Background: The detection of pheochromocytomas in patients at risk for these tumors, such as patients with von Hippel-Lindau disease or multiple endocrine neoplasia type 2 (MEN-2), is hindered by the inadequate sensitivity of commonly available biochemical tests. In this study we evaluated measurements of plasma normetanephrine and metanephrine for detecting pheochromocytomas in patients with von Hippel-Lindau disease or MEN-2.
Methods: We studied 26 patients with von Hippel-Lindau disease and 9 patients with MEN-2 who had histologically verified pheochromocytomas and 50 patients with von Hippel-Lindau disease or MEN-2 who had no radiologic evidence of pheochromocytoma. Von Hippel-Lindau disease and MEN-2 were diagnosed on the basis of germ-line mutations of the appropriate genes. The plasma concentrations of normetanephrine and metanephrine were compared with the plasma concentrations of catecholamines (norepinephrine and epinephrine) and urinary excretion of catecholamines, metanephrines, and vanillylmandelic acid.
Results: The sensitivity of measurements of plasma normetanephrine and metanephrine for the detection of tumors was 97 percent, whereas the other biochemical tests had a sensitivity of only 47 to 74 percent. All patients with MEN-2 had high plasma concentrations of metanephrine, whereas the patients with von Hippel-Lindau disease had almost exclusively high plasma concentrations of only normetanephrine. One patient with von Hippel-Lindau disease had a normal plasma normetanephrine concentration; this patient had a very small adrenal tumor (<1 cm). The high sensitivity of measurements of plasma normetanephrine and metanephrine was accompanied by a high level of specificity (96 percent).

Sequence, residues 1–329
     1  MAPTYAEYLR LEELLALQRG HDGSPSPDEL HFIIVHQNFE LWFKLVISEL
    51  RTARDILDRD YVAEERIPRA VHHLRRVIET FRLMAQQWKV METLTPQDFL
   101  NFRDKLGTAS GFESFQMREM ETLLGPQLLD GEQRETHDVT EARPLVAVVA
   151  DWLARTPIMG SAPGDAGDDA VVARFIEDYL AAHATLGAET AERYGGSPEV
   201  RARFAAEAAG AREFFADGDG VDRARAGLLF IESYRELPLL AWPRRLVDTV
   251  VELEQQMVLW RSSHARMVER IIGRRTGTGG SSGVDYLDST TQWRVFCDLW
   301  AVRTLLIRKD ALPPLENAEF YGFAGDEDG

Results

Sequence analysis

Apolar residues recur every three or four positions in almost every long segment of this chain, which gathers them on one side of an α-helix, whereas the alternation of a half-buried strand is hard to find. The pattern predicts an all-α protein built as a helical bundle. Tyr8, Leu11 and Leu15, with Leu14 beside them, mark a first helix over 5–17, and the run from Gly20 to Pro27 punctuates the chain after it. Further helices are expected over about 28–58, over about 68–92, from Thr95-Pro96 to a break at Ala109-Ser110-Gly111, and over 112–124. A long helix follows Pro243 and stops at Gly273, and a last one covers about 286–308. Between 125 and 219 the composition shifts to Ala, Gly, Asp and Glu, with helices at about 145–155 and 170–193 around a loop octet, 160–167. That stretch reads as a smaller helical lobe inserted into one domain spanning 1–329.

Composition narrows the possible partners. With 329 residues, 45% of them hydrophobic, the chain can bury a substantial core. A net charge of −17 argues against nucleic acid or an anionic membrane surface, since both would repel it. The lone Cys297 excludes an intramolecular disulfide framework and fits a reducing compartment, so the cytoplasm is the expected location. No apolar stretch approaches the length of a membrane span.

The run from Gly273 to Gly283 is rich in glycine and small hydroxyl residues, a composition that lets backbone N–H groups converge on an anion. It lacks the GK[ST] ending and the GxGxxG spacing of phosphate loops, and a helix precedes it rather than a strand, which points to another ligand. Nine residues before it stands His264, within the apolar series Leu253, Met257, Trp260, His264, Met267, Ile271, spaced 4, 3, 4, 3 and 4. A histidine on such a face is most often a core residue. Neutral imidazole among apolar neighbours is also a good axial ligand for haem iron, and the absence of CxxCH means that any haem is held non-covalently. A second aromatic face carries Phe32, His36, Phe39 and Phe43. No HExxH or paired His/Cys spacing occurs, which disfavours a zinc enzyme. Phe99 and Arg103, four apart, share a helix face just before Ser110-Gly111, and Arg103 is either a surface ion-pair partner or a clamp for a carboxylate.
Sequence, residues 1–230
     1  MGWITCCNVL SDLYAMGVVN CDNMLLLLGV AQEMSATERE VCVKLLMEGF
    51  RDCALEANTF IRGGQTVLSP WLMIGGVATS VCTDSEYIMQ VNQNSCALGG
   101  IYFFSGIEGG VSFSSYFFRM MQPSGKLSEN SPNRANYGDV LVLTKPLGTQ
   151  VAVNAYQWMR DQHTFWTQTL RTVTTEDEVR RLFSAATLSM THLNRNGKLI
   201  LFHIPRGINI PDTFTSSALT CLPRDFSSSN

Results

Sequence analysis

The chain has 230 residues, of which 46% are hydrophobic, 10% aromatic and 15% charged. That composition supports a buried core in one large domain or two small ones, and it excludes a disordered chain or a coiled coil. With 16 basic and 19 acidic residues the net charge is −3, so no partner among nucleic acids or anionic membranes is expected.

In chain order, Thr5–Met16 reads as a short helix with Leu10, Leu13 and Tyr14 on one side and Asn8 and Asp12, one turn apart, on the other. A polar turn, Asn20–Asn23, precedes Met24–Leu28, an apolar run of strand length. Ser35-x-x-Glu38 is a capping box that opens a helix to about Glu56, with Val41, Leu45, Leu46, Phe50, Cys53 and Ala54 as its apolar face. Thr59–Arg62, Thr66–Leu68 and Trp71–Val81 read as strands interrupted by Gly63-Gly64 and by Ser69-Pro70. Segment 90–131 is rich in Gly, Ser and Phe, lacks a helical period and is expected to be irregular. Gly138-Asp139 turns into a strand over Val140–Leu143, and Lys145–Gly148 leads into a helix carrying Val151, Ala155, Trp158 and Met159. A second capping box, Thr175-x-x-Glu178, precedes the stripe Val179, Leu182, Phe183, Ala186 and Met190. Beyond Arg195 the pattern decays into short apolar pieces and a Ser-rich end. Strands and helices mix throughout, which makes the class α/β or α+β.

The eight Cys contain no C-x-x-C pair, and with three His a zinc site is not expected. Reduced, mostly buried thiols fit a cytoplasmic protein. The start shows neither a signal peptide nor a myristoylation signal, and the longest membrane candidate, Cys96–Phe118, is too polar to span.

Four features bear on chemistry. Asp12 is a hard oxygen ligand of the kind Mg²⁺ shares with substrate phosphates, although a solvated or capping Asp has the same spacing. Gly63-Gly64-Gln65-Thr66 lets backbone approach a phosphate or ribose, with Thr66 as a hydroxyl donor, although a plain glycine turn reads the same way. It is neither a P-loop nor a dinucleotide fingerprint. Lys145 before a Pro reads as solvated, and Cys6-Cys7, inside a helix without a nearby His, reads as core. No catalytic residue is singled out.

Conclusions: Measurements of plasma normetanephrine and metanephrine are useful in screening for pheochromocytomas in patients with a familial predisposition to these tumors.